Sports

Even out of commission, Gay is focus

EUGENE, Ore. — Sunday was a big day for Kentucky big guys.

UK throws coach Doug Reynolds, Wildcats senior-to-be Rashaud Scott and Louisville alumnus James Dennis finished 4-5-8 in the discus.

But even when sidelined, Tyson Gay drew much attention as the U.S. Olympic track and field trials concluded Sunday at sold-out (21,176) Hayward Field.

Gay, out of Lexington's Lafayette High School, was absent from the men's 200-meter finals. Last year's world champion at 100 and 200 meters pulled up about 40 meters into Saturday's 200-meter quarterfinals.

An MRI at Slocum Center for Orthopedics and Sports Medicine in Eugene showed a “mild strain” of his left hamstring.

According to his manager, Gay “is expected to engage in ‘active rest' for up to 12-14 days, with light physical activity increasing through that period, and then resume training. Tyson's only confirmed pre-Olympic competition is the 100 meters at the Aviva London Grand Prix on July 25, and that is still on the schedule.”

Before Sunday's events, U.S. Olympic men's head coach Bubba Thornton was asked whether the finish-in-the-top-three system used to pick Team USA is fair.

The question comes up whenever a beaten or injured favorite is left off a roster. Some sports — notably men's gymnastics this year, with Paul Hamm — allow discretionary picks.

Not so in track, which suits Thornton fine: “I believe in the system.”

“At the end of the day, there will not be a person in this gathering that is going to say, ‘Oh, they politicked on (to the team).' They did not politick on. They made the team. And I think that's the beauty of what happens when this special time comes around every four years. ... It's what they've done right now.”

Gay had already qualified for Team USA, thanks to his windy 9.68-second 100-meter win last week.

Thornton saw Gay on Sunday morning.

“He's making preparations for that call in Beijing,” Thornton said. “Very bright people are assisting him. I'm excited with the information I get.”

Thornton said that Gay “was smiling, getting on the elevator to get started, to get to that next starting line. And he was walking. ... I am very confident that he is going to be in place (at Beijing) when they say ‘On your mark.' ”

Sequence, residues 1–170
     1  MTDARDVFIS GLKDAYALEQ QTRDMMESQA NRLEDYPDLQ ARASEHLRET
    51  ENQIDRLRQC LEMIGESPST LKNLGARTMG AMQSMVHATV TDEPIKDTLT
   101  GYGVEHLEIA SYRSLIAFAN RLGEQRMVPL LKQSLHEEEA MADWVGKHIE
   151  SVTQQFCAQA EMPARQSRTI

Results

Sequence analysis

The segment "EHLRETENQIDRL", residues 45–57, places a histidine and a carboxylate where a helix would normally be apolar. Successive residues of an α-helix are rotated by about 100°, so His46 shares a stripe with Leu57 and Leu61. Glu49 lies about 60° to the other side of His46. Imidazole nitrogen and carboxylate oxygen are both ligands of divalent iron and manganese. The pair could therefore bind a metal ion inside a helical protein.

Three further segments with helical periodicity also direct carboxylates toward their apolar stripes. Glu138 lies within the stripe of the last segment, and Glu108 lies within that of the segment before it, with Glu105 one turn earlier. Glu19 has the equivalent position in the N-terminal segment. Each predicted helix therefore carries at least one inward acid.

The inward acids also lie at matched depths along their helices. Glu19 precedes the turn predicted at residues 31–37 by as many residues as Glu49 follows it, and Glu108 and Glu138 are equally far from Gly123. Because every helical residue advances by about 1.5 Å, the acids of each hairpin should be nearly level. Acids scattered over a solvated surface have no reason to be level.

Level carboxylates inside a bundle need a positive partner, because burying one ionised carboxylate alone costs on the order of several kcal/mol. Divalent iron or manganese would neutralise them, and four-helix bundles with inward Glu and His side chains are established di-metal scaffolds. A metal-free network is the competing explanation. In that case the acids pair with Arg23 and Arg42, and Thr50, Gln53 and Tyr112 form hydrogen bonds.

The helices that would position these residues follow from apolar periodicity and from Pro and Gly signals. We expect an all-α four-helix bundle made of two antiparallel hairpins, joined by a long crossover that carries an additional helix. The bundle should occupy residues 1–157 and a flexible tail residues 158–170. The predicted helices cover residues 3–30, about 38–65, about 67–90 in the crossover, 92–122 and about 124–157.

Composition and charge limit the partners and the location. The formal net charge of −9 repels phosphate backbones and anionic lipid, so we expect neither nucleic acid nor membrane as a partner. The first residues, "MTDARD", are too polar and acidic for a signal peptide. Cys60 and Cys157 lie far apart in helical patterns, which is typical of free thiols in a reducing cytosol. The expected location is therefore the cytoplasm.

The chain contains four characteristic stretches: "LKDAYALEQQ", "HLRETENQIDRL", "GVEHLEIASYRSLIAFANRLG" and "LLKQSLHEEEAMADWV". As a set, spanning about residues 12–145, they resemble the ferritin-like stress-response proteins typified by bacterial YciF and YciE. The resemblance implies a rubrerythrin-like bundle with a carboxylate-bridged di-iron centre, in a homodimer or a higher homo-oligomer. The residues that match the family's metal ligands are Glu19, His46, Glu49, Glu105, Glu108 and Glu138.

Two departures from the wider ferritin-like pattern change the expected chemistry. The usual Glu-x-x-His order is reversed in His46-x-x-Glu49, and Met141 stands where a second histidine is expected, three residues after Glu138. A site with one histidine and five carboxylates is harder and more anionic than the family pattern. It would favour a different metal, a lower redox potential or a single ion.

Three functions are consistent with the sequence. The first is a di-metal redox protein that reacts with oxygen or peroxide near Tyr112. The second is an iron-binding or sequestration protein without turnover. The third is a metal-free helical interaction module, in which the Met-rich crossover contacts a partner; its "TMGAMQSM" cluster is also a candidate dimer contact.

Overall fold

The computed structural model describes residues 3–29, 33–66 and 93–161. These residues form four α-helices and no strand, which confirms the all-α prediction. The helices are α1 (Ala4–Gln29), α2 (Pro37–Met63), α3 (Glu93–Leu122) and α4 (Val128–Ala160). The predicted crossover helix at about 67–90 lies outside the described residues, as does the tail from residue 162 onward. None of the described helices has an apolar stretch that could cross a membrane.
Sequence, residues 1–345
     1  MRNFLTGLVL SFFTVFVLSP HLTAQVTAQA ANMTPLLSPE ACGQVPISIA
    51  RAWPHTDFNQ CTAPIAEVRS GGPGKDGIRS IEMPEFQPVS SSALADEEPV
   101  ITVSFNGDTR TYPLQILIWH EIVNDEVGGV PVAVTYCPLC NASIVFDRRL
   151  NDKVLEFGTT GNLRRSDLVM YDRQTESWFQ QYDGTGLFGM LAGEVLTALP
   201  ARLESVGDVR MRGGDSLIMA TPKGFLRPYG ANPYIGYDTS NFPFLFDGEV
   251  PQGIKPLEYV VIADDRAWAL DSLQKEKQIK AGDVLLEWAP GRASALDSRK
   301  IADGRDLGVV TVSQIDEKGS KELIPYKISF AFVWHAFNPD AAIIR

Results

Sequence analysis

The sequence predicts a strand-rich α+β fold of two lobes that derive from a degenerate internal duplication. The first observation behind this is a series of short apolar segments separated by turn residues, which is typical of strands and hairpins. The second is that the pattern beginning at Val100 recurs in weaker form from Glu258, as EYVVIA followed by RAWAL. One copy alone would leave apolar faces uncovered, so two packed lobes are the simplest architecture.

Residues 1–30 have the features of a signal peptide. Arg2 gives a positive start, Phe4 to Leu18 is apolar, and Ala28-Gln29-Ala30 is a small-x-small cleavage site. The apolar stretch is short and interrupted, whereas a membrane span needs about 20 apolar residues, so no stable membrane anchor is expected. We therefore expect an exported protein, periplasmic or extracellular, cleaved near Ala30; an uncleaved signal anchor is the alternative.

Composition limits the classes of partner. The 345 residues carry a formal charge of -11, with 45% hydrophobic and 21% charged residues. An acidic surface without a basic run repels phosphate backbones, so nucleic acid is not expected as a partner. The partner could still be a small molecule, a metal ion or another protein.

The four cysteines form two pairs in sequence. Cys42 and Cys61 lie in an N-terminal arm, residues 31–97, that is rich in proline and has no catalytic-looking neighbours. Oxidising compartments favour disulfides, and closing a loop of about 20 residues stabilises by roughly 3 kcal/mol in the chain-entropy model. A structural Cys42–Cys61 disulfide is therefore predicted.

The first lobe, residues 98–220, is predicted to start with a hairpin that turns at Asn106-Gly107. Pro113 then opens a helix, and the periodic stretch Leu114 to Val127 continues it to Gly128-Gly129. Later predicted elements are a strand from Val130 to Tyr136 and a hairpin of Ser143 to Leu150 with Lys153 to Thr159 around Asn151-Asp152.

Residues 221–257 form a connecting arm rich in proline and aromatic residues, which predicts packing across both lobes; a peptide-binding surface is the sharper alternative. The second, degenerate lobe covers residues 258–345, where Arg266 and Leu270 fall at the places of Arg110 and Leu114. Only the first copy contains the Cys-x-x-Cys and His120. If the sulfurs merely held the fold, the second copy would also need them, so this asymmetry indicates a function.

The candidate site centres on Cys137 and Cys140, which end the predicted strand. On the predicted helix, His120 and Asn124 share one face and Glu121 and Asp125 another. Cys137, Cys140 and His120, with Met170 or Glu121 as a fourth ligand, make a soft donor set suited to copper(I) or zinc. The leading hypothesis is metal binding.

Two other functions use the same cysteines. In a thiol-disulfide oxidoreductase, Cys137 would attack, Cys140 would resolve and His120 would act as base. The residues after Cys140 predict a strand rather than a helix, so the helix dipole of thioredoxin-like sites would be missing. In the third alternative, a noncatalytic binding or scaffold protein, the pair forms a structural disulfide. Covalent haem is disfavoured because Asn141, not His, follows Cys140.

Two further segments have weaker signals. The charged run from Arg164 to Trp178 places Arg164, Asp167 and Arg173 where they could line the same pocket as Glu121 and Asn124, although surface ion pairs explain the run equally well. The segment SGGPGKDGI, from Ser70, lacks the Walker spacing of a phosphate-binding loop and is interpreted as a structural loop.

The U.S. roster will be submitted Tuesday and announced publicly July 14. Relay combinations will not be announced until 24 hours before competition.

With the world champ out of the 200 Sunday, trials 100-meter runner-up Walter Dix sprinted to victory, edging 2004 Olympic champion Shawn Crawford.

“Hopefully he's getting a hamstring taken care of,” Dix said when asked about Gay. “Because we're gonna need him for that 4-by-1 (relay). We're gonna need him at the Olympics, period.”

Wallace Spearmon, Gay's training partner when they ran for Arkansas, took third.

“Hopefully, he'll be all right and he'll go out there and put on a show in that 100,” Spearmon said of Gay.

Kentucky's throwers did put on a show Sunday.

Reynolds, competing in his fourth Olympic trials, notched his third consecutive top-five finish.

He hit a season-best 205 feet, 6 inches on his first throw. He hyperextended his right elbow during the fifth round and bent over in pain after trying a sixth throw.

“I've just been fighting so many injuries all year,” he said. “I just didn't have the (practice) time. I was able to pull out the best I had today. That paid off, and I made the top four.”

Scott, who won last month's NCAA meet, also hit a seasonal best, 204-4. Dennis hit 198-7 on his first throw, fouled twice, then withdrew because a groin injury.

Scott's 204-4 came in the second round, the only throw on which he did not foul.

“It's what I've been doing all season long, technically, dropping my shoulder,” he said. “If I can fix that problem, I'll be up there with the top three guys.”

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